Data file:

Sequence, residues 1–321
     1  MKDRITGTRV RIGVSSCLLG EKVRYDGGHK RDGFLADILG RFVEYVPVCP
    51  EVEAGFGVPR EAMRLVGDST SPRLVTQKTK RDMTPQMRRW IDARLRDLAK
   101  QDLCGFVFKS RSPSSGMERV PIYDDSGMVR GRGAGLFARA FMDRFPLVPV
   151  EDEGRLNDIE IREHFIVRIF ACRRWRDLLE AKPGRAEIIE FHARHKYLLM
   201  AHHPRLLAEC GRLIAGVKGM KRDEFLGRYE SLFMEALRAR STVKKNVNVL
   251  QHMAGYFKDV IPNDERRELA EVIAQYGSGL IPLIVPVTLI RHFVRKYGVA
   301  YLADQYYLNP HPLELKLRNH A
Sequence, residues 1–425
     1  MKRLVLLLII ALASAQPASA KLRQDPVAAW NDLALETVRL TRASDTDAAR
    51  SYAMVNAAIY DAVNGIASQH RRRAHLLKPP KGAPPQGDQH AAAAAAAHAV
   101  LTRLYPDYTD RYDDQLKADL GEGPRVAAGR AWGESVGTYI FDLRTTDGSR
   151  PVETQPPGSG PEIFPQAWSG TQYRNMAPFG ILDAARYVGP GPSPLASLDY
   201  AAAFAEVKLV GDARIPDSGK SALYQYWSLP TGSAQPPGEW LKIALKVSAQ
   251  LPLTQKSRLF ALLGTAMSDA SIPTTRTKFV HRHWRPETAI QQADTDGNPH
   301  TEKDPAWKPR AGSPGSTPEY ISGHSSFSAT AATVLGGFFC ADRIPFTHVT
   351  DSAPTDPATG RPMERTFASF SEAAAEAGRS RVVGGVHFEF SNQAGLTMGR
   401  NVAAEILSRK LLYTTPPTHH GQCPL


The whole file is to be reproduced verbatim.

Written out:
Sequence, residues 1–321
     1  MKDRITGTRV RIGVSSCLLG EKVRYDGGHK RDGFLADILG RFVEYVPVCP
    51  EVEAGFGVPR EAMRLVGDST SPRLVTQKTK RDMTPQMRRW IDARLRDLAK
   101  QDLCGFVFKS RSPSSGMERV PIYDDSGMVR GRGAGLFARA FMDRFPLVPV
   151  EDEGRLNDIE IREHFIVRIF ACRRWRDLLE AKPGRAEIIE FHARHKYLLM
   201  AHHPRLLAEC GRLIAGVKGM KRDEFLGRYE SLFMEALRAR STVKKNVNVL
   251  QHMAGYFKDV IPNDERRELA EVIAQYGSGL IPLIVPVTLI RHFVRKYGVA
   301  YLADQYYLNP HPLELKLRNH A
Sequence, residues 1–425
     1  MKRLVLLLII ALASAQPASA KLRQDPVAAW NDLALETVRL TRASDTDAAR
    51  SYAMVNAAIY DAVNGIASQH RRRAHLLKPP KGAPPQGDQH AAAAAAAHAV
   101  LTRLYPDYTD RYDDQLKADL GEGPRVAAGR AWGESVGTYI FDLRTTDGSR
   151  PVETQPPGSG PEIFPQAWSG TQYRNMAPFG ILDAARYVGP GPSPLASLDY
   201  AAAFAEVKLV GDARIPDSGK SALYQYWSLP TGSAQPPGEW LKIALKVSAQ
   251  LPLTQKSRLF ALLGTAMSDA SIPTTRTKFV HRHWRPETAI QQADTDGNPH
   301  TEKDPAWKPR AGSPGSTPEY ISGHSSFSAT AATVLGGFFC ADRIPFTHVT
   351  DSAPTDPATG RPMERTFASF SEAAAEAGRS RVVGGVHFEF SNQAGLTMGR
   401  NVAAEILSRK LLYTTPPTHH GQCPL